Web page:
By Greta Schulz
Well, I did it. I did the “It’s the first of the year and I have put weight loss on my resolution list” thing. I don’t actually make resolutions, but I did set a goal to get healthy. I have committed to eating properly, exercising and stop using the excuse of my travel schedule.
On a recommendation of a friend, I tried Weight Watchers. It hadn’t been very long, but I already see a difference—a small difference, but a difference. Would it be nice to have dropped lots of pounds? Yes, but just like in business and in sales, little steps at a time is smarter and has a much better chance for success.
I’ve heard from many of you, telling me that you have set New Year’s resolutions such as achieving higher sales goals in 2018. A resolution and a goal are two different things. Let’s talk about how you should set goals for you and your team.
Begin with your revenue goals. Not necessarily your company’s goal right away, but your own first. What do you need to get what you want? When do you want to be able to retire? How much will you need? If you don’t know these answers, you need to meet with a financial consultant and figure it out. Once you understand what you need to reach, add at least 5 percent because we often underestimate.
Next you will have to move to your daily and weekly activities. Begin detailing what you need to do every day, week and month to reach these revenue goals. I know you are now asking yourself how to determine what to put down because you probably haven’t tracked your previous activity enough to know what that is. Therefore, you need to estimate what your daily, weekly and monthly activity should be.
After you have guessed these numbers, you will need to track them every day. You need to do this for at least 90 days to begin to have a true idea of what it will really take to meet your goals. These exercises are excellent this time of year to help you prepare for the year ahead. After you have done this yourself, do this same exercise with your team.
Coaching your team members is much easier when you have an understanding of what they have committed to. If they’ve reached their goals, their activities are the right ones. If they haven’t reached their goals, then you can assess what the issue is. They don’t have the right number of activities, they don’t have the right activities, or they aren’t approaching these activities properly. Now you can help coach them, because you have data to help analyze the issue.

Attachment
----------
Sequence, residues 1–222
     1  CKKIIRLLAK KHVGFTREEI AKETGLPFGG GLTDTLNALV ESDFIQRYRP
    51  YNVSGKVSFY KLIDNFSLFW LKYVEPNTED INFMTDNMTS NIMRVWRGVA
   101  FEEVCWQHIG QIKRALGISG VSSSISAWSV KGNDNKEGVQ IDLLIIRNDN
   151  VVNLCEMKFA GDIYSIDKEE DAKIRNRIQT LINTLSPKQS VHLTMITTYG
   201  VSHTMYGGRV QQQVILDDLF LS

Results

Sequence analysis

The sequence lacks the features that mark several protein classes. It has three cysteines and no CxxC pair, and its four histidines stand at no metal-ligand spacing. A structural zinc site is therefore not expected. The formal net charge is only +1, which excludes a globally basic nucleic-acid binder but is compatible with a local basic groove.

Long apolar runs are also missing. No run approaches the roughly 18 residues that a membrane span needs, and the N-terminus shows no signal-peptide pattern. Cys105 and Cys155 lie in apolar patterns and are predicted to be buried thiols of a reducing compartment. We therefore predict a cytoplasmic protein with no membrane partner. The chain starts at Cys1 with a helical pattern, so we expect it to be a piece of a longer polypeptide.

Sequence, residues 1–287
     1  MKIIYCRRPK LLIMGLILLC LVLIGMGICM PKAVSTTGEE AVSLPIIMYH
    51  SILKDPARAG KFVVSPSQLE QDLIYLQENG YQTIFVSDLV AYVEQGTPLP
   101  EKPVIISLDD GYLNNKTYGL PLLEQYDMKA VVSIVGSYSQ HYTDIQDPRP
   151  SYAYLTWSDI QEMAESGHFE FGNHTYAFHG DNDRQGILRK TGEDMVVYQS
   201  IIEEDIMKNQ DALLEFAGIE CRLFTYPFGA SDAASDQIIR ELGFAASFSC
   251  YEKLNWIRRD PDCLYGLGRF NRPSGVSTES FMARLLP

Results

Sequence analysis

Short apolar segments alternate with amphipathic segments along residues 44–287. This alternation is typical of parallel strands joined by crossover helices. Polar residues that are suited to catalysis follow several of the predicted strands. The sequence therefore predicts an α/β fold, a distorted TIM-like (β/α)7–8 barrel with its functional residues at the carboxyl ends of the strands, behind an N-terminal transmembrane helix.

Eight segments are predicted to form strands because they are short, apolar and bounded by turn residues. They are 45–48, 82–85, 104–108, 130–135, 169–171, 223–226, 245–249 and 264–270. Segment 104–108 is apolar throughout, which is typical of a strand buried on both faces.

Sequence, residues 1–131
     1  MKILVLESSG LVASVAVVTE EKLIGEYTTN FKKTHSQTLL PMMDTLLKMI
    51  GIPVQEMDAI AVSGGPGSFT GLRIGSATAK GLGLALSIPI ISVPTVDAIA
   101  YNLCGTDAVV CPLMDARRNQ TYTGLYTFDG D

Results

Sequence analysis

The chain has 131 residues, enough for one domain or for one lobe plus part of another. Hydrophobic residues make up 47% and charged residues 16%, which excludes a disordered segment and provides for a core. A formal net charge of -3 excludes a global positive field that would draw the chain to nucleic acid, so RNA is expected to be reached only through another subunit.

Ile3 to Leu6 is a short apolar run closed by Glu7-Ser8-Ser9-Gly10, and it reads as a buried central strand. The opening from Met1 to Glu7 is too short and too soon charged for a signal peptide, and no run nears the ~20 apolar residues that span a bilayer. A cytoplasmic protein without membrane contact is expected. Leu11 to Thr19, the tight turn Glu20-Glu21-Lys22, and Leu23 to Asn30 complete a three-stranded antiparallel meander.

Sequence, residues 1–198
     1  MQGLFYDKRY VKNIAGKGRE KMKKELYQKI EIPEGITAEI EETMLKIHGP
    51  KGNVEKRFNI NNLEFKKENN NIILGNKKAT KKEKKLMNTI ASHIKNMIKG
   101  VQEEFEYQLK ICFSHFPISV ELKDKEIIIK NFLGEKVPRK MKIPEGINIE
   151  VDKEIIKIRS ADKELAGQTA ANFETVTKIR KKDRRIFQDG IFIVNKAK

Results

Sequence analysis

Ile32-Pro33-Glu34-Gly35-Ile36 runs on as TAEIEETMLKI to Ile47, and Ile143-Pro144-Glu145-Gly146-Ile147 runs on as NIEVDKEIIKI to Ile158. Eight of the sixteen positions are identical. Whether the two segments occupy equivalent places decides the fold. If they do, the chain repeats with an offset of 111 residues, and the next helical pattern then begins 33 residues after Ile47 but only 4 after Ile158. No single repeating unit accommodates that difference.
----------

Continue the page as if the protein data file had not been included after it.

As long as you and your team members meet daily and weekly goals, you will be successful day by day. That’s important. Most people look at the whole revenue goal and don’t break it down into small pieces. It feels overwhelming unless you break it down into small hurdles that can be jumped. If you can find ways to pat your team (and yourself) on the back every day, then week, then month, you will not only meet your goals, but you won’t give up after looking at entire overwhelming number.
With that in mind, I am not losing 20 pounds. Instead, I am eating 23 points a day … and that, I can handle.♦
Greta Schulz is president of Schulz Business, a sales consulting and training firm. She is the best-selling author of “To Sell is NOT to Sell” and works with Fortune 1000 companies and entrepreneurs. For more information or free sales tips, go to schulzbusiness.com and sign up for “GretaNomics,” a weekly video tip series, or email sales questions to firstname.lastname@example.org.